When Does Trust Matter Most?

Trust can be found at the foundation of nearly every healthy relationship. Romantic, intimate, social, altruistic, professional, and casual relationships are all built upon some level of trust. Distrusting relationships, by contrast, have been shaped by a lack of trust. In the study of trust, theories have developed suggesting that trust is most important when conflict exists. In other words, when people disagree, that is when trust can have the largest impact. But does the severity of conflict influence the impact of trust? The answer to this question will not only help people understand the nuances of their individual relationships, but can also provide insight into social, professional, and global cooperative efforts.

Daniel Balliet of the Social and Organizational Psychology Department at VU University in the Netherlands recently conducted a meta-analysis to find the answer to this critically important question. Using data from 212 different outcome factors on interpersonal and group conflicts across numerous countries, Balliet examined how conflict influenced the power of trust. Balliet discovered that conflict, culture, and competiveness all had bearings on the power of trust. The first was related to conflict severity. Balliet said, “Trust matters most in situations that contain greater amounts of conflicting interests.” This was especially true in interpersonal relationships. In fact in group relationships, groups with high levels of conflicting ideas were motivated by competiveness, which weakened the effect of trust.  However, in interpersonal relationships, competitiveness was diminished and trust became a more salient factor.

Balliet also found that trust varied by culture. In particular, trust predicted cooperation in Switzerland, England, and the Netherlands. But in other countries, including Singapore, Canada, and the United States, the spirit of cooperation was fueled much more modestly by trust. Overall, these results underscore the importance of trust on different types of relationships. The findings presented here provide a new look at exactly how trust shapes the outcomes of varying degrees of conflict among different groups of people. This information can be the first step on a pathway to more cooperative interactions throughout political, social, and industrial arenas.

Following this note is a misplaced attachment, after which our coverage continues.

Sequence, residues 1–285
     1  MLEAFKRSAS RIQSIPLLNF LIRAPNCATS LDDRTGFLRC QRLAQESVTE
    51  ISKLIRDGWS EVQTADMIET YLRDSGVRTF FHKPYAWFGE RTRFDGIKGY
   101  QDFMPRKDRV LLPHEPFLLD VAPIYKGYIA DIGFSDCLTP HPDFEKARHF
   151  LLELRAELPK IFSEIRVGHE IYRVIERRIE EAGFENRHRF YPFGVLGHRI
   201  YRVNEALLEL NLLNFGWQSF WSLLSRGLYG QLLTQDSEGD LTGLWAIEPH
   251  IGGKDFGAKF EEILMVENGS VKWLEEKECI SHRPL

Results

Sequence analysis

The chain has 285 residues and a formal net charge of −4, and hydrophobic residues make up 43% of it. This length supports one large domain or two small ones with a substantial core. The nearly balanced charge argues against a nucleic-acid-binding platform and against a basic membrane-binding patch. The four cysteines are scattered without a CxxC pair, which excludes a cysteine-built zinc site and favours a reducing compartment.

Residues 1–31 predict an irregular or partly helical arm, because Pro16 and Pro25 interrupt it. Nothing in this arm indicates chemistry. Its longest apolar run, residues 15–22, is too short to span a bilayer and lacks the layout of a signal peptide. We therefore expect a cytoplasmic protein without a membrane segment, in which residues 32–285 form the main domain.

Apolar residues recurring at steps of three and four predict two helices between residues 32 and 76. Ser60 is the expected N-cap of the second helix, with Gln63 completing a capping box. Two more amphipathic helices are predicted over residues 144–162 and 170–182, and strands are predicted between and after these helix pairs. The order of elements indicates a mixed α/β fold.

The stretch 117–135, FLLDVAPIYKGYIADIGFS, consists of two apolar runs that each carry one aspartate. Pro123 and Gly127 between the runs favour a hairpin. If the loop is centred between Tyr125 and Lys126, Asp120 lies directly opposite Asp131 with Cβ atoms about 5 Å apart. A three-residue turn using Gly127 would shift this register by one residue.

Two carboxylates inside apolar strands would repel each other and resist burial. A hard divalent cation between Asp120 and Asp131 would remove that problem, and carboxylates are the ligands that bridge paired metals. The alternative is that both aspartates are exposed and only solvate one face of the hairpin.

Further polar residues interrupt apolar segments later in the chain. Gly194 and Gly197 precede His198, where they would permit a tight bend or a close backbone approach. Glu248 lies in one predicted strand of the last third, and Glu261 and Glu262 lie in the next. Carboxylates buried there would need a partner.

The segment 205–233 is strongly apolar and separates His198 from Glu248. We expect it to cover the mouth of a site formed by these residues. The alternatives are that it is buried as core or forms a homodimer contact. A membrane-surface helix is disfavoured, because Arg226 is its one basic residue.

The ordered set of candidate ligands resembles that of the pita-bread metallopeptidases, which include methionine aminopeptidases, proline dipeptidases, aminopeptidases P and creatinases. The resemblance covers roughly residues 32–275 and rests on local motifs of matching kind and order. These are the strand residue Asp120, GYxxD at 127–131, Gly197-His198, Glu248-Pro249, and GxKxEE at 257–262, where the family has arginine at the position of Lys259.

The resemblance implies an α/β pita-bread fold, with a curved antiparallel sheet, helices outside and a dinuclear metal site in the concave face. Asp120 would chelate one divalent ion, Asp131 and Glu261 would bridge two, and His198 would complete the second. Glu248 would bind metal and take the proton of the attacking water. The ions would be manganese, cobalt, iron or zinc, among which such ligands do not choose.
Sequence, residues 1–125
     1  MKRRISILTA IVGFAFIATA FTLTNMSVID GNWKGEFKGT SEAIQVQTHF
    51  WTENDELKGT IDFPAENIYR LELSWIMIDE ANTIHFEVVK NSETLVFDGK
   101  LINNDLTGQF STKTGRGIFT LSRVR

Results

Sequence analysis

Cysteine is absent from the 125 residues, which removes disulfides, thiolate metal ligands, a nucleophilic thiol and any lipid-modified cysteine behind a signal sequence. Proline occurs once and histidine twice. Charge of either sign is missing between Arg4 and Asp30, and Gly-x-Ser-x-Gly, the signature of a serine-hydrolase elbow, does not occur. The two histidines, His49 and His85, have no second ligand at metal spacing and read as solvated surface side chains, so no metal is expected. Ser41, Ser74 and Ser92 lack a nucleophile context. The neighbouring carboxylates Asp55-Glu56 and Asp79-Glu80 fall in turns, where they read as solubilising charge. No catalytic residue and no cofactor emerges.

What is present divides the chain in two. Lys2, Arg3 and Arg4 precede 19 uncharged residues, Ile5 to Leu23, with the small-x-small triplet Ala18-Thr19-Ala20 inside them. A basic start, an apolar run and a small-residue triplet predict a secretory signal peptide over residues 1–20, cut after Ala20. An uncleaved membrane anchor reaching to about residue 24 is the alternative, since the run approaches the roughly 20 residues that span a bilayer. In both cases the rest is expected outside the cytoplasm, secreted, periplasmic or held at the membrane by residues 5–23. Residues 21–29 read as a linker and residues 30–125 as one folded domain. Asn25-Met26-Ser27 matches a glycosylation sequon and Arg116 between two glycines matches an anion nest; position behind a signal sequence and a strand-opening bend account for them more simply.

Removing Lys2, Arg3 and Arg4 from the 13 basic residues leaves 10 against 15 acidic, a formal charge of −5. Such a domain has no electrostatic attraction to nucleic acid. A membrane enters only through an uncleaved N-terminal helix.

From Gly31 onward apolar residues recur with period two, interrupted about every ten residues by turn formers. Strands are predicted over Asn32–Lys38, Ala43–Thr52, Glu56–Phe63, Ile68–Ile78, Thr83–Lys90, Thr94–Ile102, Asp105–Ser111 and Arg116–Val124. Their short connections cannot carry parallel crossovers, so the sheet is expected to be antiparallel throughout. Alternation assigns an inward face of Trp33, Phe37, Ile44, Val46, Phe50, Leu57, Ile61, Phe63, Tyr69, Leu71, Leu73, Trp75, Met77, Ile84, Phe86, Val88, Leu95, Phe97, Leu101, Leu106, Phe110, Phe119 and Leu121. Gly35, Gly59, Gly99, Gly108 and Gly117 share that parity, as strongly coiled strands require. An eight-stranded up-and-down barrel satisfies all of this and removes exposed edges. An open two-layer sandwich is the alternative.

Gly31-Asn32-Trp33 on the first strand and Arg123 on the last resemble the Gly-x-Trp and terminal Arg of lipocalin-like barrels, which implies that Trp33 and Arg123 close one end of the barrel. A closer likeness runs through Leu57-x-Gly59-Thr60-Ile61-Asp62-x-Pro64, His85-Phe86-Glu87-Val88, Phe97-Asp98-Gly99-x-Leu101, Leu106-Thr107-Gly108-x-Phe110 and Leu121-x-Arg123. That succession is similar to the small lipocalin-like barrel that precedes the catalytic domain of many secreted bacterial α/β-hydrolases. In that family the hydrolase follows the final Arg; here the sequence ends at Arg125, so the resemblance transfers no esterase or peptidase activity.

Balliet, D., and Van Lange, P. A. M. (2012). Trust, conflict, and cooperation: A meta-analysis. Psychological Bulletin. Advance online publication. doi: 10.1037/a0030939

© Copyright 2013 GoodTherapy.org. All rights reserved.

The preceding article was solely written by the author named above. Any views and opinions expressed are not necessarily shared by GoodTherapy.org. Questions or concerns about the preceding article can be directed to the author or posted as a comment below.

  • Leave a Comment
  • Molly

    January 31st, 2013 at 3:14 PM

    For me, trust is always an important issue.
    I want to know that the people with whom I am wroking are people I can depend on, who have my back

  • shay o

    February 1st, 2013 at 3:53 AM

    I would say that trust matters the most when you have the most on the line. You are either putting yourself out there in a relationship or you are depending on another person to help you accomplish some important task. That is when it is the most critical that you be able to rely on someone and trust that this person has your best interests at heart. I don’t think that you can ever become truly enmeshed with another person in a way that will create a successful relationhip, personal, or business, without being able to place blind faith in them.

  • Jude

    February 1st, 2013 at 12:25 PM

    In my opinion trust matters differently for different levels. At the workplace with a colleague or even a team member it matters but only to an extent. Whereas for friends and more so for personal relationships it matters a lot more. I guess as I move to circles inner and closest to me the importance of trust increases.

  • Olivia

    February 4th, 2013 at 3:57 AM

    I don’t know, maybe those of us in the US just kind of expect to be able to trust someone? You don’t think that anyone that you work with or are in a relationship with should have to have their trust doubted. But I agree that this probably changes across cultures, some depend on it and expect it far more than others.

Leave a Comment

By commenting you acknowledge acceptance of GoodTherapy.org's Terms and Conditions of Use.

* Indicates required field.

GoodTherapy uses cookies to personalize content and ads to provide better services for our users and to analyze our traffic. By continuing to use this site you consent to our cookies.